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Navajo blankets are popular

Published Oct. 13, 2005

American Indian pottery, silver, baskets, beadwork and textiles are collected by Americans as well as by many who live in other countries. The rugs and blankets made in the 18th, 19th and 20th centuries are of special interest. One author writing in 1914 said, "The modern Navajo blanket was almost unknown prior to 1892." It was at that time that the blankets were made to be sold commercially. Many had geometric designs. One very unusual type made in the early 1900s had stylized figures. These Kachina or Yei blankets and rugs showed the divinity or Yei, which many Indians felt it sacrilegious to picture. Eventually this type of design was made by many weavers, and male and female figures were shown. They were dressed in the appropriate costume for a dance or ceremony. The patterns are similar to the sand paintings made at the same time. The Yei blankets are in great demand.

"Fire-King' ware

Question: I am collecting apricot-color dishes with an opaque finish and marked "Oven Fire-King ware." When were they made? Were they sold in retail stores or just used as soap premiums? What pieces were made?

Answer: Fire King dinnerware and Fire King ovenware were made by The Anchor Hocking Co. of Lancaster, Ohio, from the 1930s through 1960s. The opaque colored wares were made in several patterns, including Swirl, Alice, Jane Ray, Square and Turquoise Blue, a plain pattern named for the color.

Swirl was made in blue, white with gold trim, ivory with gold trim and jadite (pale green). It was also made in an apricot shade that was called pink by the company.

Alice, Jane Ray and Square were made in white and shades of blue or green, and some was made in pink. Alice was given away with Mother's Oats, but the dishes were also sold in the stores.

Full dinner sets were made in these patterns. They included plates in various sizes, cups, saucers, creamer and sugar bowls, platters and serving dishes.

Punchinello the clown

Question: My small porcelain figure is marked "Punchinello, W. Ruscoe." Is it very old?

Answer: Punchinello was a clown, and figurines often show the black ruffled collar, pointed hat and clown suit. William Ruscoe made pottery in England from about 1920.

"Poupard' dolls

Question: I have just found a very old doll made of papier mache or cardboard. It has a molded painted head and body, and the body is painted to look as if it is wearing a short blue flowered dress.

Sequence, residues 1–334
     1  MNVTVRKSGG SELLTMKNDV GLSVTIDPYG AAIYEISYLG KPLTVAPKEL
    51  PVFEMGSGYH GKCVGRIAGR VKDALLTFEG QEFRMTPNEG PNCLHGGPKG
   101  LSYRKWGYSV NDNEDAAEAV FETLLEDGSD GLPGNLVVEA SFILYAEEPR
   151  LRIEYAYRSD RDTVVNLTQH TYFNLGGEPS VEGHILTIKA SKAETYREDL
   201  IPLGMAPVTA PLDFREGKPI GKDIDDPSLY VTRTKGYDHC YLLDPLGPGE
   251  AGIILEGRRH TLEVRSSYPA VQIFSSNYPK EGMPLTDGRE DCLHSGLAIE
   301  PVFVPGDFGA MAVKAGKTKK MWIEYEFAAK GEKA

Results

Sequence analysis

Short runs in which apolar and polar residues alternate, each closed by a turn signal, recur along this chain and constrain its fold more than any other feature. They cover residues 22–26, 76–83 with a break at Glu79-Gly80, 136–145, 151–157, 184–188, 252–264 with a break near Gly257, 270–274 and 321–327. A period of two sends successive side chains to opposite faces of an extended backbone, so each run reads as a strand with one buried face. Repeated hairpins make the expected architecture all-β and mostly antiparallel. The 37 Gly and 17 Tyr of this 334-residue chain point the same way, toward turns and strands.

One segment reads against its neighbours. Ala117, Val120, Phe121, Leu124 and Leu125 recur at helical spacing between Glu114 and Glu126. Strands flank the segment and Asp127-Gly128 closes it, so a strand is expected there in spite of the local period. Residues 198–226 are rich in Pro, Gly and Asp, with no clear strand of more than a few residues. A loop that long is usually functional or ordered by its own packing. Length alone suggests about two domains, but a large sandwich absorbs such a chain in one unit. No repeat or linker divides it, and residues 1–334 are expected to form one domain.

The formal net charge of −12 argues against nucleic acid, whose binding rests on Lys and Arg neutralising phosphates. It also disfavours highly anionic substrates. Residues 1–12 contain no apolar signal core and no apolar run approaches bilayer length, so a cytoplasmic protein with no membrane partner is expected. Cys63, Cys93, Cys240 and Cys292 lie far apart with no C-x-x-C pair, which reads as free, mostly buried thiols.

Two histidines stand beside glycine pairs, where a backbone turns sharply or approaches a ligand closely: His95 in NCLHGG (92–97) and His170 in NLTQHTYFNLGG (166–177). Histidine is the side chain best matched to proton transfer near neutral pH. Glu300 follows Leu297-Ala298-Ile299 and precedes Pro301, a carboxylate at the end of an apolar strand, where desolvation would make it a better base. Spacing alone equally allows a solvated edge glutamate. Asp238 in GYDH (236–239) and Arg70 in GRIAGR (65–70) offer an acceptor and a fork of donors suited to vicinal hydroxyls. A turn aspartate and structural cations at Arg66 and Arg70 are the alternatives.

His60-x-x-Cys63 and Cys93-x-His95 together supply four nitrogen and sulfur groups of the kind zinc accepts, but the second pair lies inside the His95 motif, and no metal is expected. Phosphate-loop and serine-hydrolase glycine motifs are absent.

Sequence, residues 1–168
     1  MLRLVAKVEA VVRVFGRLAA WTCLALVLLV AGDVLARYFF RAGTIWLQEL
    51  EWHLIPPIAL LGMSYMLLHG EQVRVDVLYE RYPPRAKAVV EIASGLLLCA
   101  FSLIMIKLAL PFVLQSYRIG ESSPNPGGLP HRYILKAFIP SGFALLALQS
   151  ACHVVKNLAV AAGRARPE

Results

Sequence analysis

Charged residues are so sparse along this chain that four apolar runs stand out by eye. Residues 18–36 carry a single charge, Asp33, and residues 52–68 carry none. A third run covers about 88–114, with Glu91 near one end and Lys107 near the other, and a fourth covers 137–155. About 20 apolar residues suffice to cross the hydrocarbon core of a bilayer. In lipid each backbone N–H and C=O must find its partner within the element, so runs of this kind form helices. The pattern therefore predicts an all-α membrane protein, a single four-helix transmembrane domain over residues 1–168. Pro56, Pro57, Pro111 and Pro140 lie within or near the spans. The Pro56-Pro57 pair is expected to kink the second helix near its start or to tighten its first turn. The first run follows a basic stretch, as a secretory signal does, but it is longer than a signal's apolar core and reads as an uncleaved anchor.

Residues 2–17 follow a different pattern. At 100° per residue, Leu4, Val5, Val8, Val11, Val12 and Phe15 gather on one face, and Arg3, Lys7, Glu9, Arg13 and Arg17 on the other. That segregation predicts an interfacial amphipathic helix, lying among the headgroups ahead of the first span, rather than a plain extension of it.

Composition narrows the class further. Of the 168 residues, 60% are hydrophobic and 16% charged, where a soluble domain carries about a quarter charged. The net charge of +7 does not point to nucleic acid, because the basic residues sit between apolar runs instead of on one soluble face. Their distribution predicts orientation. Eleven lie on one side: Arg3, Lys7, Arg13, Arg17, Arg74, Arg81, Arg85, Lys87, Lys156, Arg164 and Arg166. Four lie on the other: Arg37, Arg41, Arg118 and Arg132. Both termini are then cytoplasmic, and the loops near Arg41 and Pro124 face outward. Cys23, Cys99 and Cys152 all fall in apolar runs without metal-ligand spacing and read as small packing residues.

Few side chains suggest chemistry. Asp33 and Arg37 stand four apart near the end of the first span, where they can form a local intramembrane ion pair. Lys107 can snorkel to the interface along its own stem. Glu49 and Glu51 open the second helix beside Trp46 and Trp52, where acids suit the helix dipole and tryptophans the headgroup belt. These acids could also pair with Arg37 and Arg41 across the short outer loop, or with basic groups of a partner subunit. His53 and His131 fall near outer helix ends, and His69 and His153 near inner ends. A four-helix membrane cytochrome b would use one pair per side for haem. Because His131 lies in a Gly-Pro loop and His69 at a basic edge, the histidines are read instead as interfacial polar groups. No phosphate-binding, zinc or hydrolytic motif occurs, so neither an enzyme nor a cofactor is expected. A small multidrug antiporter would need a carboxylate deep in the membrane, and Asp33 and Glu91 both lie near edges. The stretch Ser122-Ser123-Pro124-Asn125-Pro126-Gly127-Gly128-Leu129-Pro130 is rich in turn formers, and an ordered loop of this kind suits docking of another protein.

Answer: Molded dolls have been made in France since the middle of the 19th century. The earliest dolls had a head with the simplest of bodies, often without arms or legs. By the end of the century, fully formed dolls were made and movable arms and legs appeared. The painted clothing depicted baby bibs, breeches and the dresses of the day.

This type of doll, sometimes called a "poupard" or a "bebe promenette," remained popular in the 20th century. Some are found with the blond curly hair, large hair bow and short straight dresses favored for girls in the 1930s. A few manufacturers have continued making molded-paper dolls. The style of dress may help you date your doll.

Current prices

Heisey lariat dish, clear, 3-footed, 8\ in.: $45.

Cap gun, Kilgore, Kit Carson: $95.

Miniature books, the works of Shakespeare, leather bound, published by Knickerbocker Leather and Novelty Co.: $110.

Kerosene hand lamp, clear glass, with finger grip, flint chimney, pearl top, beaded band encircles tank top and base, 14 in.: $150.

Chase stockinette doll, molded and painted blond hair and features, cotton sateen body, molded and painted limbs, early 20th c., 16 in.: $300.

Coin-operated machine Challenger ABT Shooting Gallery, 1950s: $350.

Rosenthal service plates, cobalt blue border, central floral sprays, raised gold highlights, 10 in. diam., set of 12: $660.

Empire slant-front desk, cherry, bird's-eye maple drawer fronts, tiger maple interior drawers, c. 1830: $1,250.

Cast-iron plant stand, painted white, 6 pierced circular tiered trays, Rococo style, X-form base, Victorian, 39{ x 35} in.: $2,790.

Tall case clock, Jacob Diehl, Bedford, England, mahogany, white tin face, painted and gilt flowers, calendar dial, c. 1790, 89 in.: $5,500.

Prices may vary in different locations because of the conditions of the economy.

Send questions to: Antiques, Ralph and Terry Kovel, c/o The St. Petersburg Times, P.O. Box 22900, Beachwood, Ohio 44122. Questions of general interest will be answered in the column. The volume of mail makes most personal answers or appraisals impossible. If you send photographs, include a double-stamped, self-addressed envelope.